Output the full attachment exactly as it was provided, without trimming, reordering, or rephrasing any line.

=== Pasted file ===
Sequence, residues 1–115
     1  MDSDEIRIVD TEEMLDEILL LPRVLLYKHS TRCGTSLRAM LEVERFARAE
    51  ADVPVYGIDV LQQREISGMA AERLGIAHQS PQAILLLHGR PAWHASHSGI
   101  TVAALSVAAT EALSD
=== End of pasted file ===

Sequence, residues 1–115
     1  MDSDEIRIVD TEEMLDEILL LPRVLLYKHS TRCGTSLRAM LEVERFARAE
    51  ADVPVYGIDV LQQREISGMA AERLGIAHQS PQAILLLHGR PAWHASHSGI
   101  TVAALSVAAT EALSD